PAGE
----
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Osceola Wild Turkey
 Osceola Wild Turkey Facts and Information

Osceola Wild Turkey

Common Name: Osceola Wild Turkey (Florida Wild Turkey)
Kingdom: Animalia
Phylum: Chordata
Class: Aves
Order: Galliformes
Family: Phasianidae
Genus: Meleagris
Species: Meleagris gallopavo
Subspecies: Meleagris gallopavo osceola

The Osceola Wild Turkey, also known as the Florida Turkey can only be found on the Florida peninsula. This bird is smaller and darker in color than the Eastern Wild Turkey and was named after the famous Seminole Chief Osceola in 1890. Adult male turkeys, also known as a gobbler or tom, average 3.5 feet (106 cm) in height and weigh up to 25 pounds (11 kg). Juvenile male turkeys, also known as jakes, will typically be half the size of a mature turkey, weighing an average of 15 - 20 pounds (7 – 9 kg). The Osceola Wild Turkey is characterized by dark brown tipped tail coverts (the smaller feathers that cover the larger feathers) and dark brown tail feather tips. The breast feathers usually have black tips, while the body feathers are an iridescence of red-green and bronze. Compared to the “Eastern”, the Osceola Turkey tend to be generally darker in color, slightly smaller in size, and have less white barring in their wing feathers. Female turkeys, also known as hens, can be the same height as males, but weigh about 8 – 14 pounds (4 – 6 kg).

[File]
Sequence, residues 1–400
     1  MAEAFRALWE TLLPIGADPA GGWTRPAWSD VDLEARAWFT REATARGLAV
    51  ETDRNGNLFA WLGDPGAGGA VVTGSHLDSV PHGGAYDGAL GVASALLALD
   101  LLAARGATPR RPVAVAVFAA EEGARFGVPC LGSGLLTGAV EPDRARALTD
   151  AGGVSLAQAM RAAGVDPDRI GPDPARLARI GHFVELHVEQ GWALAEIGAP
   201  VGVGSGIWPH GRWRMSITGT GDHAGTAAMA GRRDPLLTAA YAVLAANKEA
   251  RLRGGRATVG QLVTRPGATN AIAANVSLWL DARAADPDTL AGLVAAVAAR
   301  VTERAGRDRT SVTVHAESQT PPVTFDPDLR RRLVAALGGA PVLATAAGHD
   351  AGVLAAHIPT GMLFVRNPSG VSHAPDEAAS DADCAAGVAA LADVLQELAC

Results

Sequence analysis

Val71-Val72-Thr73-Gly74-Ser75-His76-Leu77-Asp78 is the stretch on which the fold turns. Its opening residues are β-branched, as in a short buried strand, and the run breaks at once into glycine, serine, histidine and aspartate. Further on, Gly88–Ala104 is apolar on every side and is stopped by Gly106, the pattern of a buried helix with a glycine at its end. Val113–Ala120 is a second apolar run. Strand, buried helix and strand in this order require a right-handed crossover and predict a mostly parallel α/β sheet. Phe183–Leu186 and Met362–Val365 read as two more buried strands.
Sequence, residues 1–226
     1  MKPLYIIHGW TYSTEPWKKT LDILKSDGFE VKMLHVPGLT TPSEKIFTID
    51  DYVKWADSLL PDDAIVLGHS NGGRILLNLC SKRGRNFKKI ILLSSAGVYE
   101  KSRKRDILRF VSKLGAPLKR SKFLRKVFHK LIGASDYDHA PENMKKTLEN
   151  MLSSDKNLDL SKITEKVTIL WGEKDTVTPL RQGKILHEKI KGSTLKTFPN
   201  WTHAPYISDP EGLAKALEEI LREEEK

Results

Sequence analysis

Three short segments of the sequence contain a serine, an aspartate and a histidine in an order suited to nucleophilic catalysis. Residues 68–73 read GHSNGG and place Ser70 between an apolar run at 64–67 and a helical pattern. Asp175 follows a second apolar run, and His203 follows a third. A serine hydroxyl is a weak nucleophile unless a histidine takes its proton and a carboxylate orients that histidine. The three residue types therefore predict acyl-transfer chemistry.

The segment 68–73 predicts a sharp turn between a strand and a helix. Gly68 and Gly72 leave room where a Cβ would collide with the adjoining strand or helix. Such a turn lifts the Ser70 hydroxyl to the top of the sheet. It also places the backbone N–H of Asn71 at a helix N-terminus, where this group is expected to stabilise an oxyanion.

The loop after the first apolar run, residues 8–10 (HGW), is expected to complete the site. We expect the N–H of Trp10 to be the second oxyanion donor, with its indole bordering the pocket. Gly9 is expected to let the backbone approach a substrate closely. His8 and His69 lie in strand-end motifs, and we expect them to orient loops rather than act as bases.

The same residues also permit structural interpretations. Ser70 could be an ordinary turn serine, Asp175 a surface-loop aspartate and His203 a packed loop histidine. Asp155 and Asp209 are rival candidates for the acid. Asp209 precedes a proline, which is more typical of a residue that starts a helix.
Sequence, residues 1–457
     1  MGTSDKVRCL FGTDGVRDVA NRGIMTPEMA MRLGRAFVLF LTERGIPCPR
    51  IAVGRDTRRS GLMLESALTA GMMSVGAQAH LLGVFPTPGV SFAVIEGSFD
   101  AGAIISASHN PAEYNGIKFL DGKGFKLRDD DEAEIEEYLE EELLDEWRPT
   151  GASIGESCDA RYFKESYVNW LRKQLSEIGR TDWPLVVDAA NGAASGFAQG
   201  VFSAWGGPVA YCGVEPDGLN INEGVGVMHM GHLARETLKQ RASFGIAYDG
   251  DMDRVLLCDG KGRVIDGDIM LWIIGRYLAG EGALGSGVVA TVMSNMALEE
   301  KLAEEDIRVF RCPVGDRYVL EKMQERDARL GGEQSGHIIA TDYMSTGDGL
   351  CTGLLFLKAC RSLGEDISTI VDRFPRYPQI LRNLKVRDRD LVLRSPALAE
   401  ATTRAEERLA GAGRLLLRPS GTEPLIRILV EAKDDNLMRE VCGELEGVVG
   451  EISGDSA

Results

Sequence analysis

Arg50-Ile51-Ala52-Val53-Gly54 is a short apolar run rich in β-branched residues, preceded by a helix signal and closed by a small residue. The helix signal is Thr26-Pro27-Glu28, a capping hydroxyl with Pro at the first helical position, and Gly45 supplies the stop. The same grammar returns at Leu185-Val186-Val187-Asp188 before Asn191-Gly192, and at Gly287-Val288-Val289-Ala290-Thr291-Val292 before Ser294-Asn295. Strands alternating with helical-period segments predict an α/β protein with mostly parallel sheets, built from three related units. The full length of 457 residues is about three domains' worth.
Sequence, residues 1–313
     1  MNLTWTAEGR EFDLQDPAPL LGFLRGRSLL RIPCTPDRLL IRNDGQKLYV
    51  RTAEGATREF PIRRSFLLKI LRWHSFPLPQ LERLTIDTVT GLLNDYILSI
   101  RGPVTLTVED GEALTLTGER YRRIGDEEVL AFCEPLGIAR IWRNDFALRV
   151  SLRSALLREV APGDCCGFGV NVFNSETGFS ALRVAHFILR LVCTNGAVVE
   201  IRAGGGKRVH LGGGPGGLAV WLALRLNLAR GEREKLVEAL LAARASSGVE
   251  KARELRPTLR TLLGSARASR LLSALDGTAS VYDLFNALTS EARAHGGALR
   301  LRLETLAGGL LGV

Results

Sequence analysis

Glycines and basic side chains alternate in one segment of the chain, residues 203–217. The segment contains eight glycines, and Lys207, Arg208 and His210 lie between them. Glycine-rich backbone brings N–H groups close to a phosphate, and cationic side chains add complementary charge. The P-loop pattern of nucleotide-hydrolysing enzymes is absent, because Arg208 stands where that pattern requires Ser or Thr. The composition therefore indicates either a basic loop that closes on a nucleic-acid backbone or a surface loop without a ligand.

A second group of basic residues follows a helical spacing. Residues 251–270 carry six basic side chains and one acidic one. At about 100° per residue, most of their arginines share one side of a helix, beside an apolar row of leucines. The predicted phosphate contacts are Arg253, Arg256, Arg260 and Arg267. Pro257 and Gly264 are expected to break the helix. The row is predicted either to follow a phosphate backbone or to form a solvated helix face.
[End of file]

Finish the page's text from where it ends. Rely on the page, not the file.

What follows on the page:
Osceola Wild Turkey - Left Foot Print
Left Foot Print
Osceola Wild Turkey - Right Foot Print
Right Foot Print

Osceola (Florida) Wild Turkey Distribution/Habitat

Osceola (Florida) Wild Turkey - Distribution

The Osceola (Florida) Wild Turkey can only be found in Florida, and for that reason hunters prize these birds because of their unique and small distribution. The primary distribution is the center two-thirds of the Florida peninsula and the bird is often found in scrub patches of palmetto and near swamp areas. An estimated 80,000 to 100,000 birds are believed to live throughout the central peninsula, but due to the density of the swamps and other surrounding habitat, an accurate estimate of the population is difficult.

Osceola (Florida) Wild Turkey Diet

Eastern Wild Turkey - Eating

Osceola has a variety of foods in their diet ranging from grapes, blackberries, beechnut , acorns, and grain, such as corn and oats. They also enjoy eating insects such as grasshoppers and beetles and on occasion will eat amphibian prey such as small lizards and frogs located near the edge of swamp areas.

Osceola (Florida) Wild Turkey Reproduction

Eastern Wild Turkey - Egg Nest
Credit: D. Gordon E. Robertson

Osceola turkeys have been known to start gobbling as early as January in southern Florida and mating 3-4 weeks following. Hens lay their eggs typically in mid-April laying an average of 8 – 12 eggs. Young turkeys (also known as poults) will start hatching in mid-May. The incubation period for the Osceola Turkey is 26 – 28 days, similar to their close relative the Eastern Wild Turkey.

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